Everyone is a suspect…and connected by six degrees of separation. After a demanding case solved in Jerusalem, Hercule Poirot (Kenneth Branagh)—the world’s greatest detective—is allowing himself some R&R in Istanbul. The best laid plans never go according to plan, as durign his time away from work, Poirot is called to London to investigate a case.
With no travel plans readily available, Hercule turns to his friend Mr. Bouc (Tom Bateman), who helps run the Orient Express, a train on the path to London. While vacation is cut short, at least the detective can relax by reading some Dickens for a few days.
Again, the best laid plans never go according to plan, as the train is derailed from its course, and during this derail, someone on the train has killed a passenger. There’s a Murder on the Orient Express and said murderer is still on the train. Only one man can solve this.
Ahh, the whodunit mystery. It is a movie genre that can be pretty limiting when one thinks about it. Often, there isn’t a ton of depth under the initial mystery to make for anything unforgettable, whether the production is loosely defined as an “original” (à la Happy Death Day) or a remake adapted from an Agatha Christie novel, which Murder on the Orient Express happens to be. Summed up, this remake is probably unnecessary but is certainly impressive to look at, have a little fun with, and never think about again after an initial watch.
The first thing noticed about “MotOE” is the well-done cinematography, commitment to the respective time period via costumes/setting, lighting, and just the mostly strong direction from director Kenneth Branagh (Thor, Cinderella) shot on 65mm. Very easy to feel transported into 1934. Along with a fitting score by composer Patrick Doyle, it all adds to the old-school feeling. Stylistically, this is a classic movie made in 2017. In ways, the last-generation video game LA Noire comes to mind, from style to execution. While this Orient Express is far from original, there is a small feeling of freshness, because this type of production isn’t that common. As a basic whodunit, those who have never been exposed to prior iterations (like yours truly) may be surprised at how everything shakes down. While the actual culprit reveal isn’t something I’m completely pleased with, it did keep me guessing for the bulk of the runtime, doing the job on that front.
While Murder on the Orient Express’ highest plus is that of the technical work behind the screen, it isn’t without a little fault. The murder scene in particular which the movie is built around is rather rushed and isn’t really treated with the gravitas one would be led to believe. The medium shots from outside the train peering into the glass in voyeuristic manner is nice to look at, but probably a bit overused as well after so many times without amounting to much. As inane as this may sound, the white subtitles were a little easy to miss at times with some of them being shown against backgrounds (walls, dress shirts) that also happen to be white. Small, but some of this dialogue is critical and easy to miss.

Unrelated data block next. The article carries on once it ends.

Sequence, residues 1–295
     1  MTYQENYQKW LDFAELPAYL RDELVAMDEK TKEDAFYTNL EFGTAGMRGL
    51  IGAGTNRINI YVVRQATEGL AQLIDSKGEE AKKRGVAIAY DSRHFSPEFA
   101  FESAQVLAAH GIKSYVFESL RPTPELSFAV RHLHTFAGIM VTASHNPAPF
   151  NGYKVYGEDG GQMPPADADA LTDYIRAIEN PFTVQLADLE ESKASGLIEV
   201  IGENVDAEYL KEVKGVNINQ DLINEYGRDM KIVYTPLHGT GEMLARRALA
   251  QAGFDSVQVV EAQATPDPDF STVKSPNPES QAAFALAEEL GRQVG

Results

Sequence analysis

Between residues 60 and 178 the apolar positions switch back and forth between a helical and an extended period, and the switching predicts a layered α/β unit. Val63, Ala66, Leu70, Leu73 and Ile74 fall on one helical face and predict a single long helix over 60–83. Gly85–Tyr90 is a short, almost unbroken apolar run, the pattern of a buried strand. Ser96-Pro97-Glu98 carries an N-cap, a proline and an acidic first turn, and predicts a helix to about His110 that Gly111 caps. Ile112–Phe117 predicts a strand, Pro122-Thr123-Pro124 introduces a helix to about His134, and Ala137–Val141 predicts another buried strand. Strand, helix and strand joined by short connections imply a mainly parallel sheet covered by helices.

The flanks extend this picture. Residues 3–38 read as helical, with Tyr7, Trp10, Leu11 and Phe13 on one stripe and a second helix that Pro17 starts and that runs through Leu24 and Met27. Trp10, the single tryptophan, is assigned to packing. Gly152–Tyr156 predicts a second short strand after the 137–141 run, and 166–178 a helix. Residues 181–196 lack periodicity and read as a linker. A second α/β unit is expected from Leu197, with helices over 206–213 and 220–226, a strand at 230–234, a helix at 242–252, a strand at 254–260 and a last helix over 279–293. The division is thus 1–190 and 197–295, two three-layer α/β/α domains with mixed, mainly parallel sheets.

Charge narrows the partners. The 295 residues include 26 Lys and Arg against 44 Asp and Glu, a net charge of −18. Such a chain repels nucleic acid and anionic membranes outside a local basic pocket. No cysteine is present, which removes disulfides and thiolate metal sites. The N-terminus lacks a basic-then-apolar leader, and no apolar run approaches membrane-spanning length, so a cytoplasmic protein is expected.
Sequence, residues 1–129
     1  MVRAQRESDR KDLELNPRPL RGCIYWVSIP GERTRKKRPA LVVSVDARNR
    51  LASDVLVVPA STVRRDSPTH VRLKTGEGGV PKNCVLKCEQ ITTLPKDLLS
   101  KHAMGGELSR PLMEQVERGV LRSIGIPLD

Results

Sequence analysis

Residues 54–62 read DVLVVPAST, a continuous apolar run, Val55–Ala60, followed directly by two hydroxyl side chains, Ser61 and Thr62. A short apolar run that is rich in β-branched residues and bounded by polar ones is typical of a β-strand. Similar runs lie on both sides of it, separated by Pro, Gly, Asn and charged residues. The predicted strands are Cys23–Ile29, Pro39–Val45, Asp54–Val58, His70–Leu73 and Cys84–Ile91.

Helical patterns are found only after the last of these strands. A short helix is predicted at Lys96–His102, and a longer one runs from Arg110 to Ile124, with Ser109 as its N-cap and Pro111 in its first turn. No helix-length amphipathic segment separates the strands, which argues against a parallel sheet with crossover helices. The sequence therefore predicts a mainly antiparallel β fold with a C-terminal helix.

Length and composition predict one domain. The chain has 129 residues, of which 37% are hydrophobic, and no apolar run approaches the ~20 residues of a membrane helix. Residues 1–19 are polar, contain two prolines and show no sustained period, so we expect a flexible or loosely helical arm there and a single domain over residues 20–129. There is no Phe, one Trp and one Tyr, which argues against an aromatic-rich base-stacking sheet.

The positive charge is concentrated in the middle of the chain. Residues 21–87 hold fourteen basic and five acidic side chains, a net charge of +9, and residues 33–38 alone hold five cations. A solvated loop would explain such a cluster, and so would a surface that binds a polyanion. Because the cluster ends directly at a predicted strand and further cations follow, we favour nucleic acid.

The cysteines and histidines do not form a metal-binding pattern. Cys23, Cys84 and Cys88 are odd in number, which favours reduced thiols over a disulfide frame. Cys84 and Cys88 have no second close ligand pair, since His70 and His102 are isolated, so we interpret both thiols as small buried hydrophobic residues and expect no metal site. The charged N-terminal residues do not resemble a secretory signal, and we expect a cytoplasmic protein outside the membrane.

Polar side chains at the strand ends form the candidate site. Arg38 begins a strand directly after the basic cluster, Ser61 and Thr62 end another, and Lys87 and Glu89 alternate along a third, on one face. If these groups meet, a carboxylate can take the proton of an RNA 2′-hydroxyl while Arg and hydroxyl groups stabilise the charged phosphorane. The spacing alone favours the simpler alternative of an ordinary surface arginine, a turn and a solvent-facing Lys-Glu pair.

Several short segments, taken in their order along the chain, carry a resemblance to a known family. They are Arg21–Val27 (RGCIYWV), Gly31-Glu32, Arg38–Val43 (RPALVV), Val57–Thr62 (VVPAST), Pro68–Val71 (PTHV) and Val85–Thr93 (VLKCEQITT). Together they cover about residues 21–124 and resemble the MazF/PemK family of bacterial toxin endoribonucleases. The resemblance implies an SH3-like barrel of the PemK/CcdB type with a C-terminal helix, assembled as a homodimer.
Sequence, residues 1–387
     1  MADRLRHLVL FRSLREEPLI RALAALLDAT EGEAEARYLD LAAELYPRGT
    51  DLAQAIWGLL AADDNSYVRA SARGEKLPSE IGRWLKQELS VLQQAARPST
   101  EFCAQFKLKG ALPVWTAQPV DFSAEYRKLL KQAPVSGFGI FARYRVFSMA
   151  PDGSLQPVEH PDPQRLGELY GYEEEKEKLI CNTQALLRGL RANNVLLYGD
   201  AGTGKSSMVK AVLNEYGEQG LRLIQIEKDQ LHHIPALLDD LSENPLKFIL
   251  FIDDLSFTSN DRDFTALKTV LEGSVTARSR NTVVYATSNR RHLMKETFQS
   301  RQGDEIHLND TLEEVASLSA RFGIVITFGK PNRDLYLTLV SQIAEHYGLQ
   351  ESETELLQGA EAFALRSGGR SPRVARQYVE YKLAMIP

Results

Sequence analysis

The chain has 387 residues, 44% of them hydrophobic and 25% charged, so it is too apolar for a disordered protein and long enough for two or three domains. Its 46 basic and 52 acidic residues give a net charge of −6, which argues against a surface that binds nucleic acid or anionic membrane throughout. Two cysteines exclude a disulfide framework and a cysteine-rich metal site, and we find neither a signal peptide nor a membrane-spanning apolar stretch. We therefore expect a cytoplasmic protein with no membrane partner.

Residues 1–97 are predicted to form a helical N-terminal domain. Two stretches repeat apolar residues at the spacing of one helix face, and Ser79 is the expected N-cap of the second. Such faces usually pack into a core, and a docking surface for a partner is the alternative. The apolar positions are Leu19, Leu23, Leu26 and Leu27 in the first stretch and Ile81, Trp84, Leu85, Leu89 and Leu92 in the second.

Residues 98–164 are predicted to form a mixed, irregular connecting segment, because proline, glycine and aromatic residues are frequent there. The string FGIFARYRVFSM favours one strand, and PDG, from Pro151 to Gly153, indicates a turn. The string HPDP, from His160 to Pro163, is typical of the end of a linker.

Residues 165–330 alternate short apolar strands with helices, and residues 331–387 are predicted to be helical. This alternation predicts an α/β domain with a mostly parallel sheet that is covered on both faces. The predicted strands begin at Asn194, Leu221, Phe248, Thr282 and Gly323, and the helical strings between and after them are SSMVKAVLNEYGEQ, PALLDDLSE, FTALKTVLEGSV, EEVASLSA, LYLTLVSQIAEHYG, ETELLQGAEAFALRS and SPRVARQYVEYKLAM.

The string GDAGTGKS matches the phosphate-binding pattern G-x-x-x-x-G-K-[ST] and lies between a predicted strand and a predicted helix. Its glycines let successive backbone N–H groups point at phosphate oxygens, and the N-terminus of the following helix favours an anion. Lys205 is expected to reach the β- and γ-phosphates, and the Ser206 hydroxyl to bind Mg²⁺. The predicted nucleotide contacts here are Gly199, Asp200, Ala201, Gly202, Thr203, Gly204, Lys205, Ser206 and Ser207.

What isn’t easy to miss is that mustache Kenneth Branagh sports as the famed detective. It stands out among everything, like his performance among the rest of the cast. Call Murder on the Orient Express ‘The Kenneth Branagh Show’ as director, lead actor, and producer. He is an interesting character with some internal depth and Branagh does a great job with an intro scene that makes Poirot easy to buy into as the self-proclaimed world’s greatest detective. Where Branagh (and screenplay writer Michael Green) struggles is with the repeated stabs at humor. A few are effective, most are not. Same can be said for the interrogation scenes. Half seize attention, but others can actually be dull.
A cast this beefy shouldn’t be predominantly forgettable though. Yet, that’s accurate for this film. Willem Dafoe, Judi Dench, Penélope Cruz, and Manuel Garcia-Rulfo all blend into each other. Honestly, I can’t remember who was the countess and who was the cook! Others like Daisy Ridley, Leslie Odom Jr, Johnny Depp, and Michelle Pfeiffer do make a little more of a lasting impression, but to call them fairly detailed would be a tad too generous. This is Branagh’s baby and his alone.
It is Branagh as the conductor, engineer, and bellhop who leads Murder on the Orient Express to a destination of Finesville. Choo-choo.
Photo credits go to cinemablend.com, highsnobiety.com, and filmandtvnow.com.
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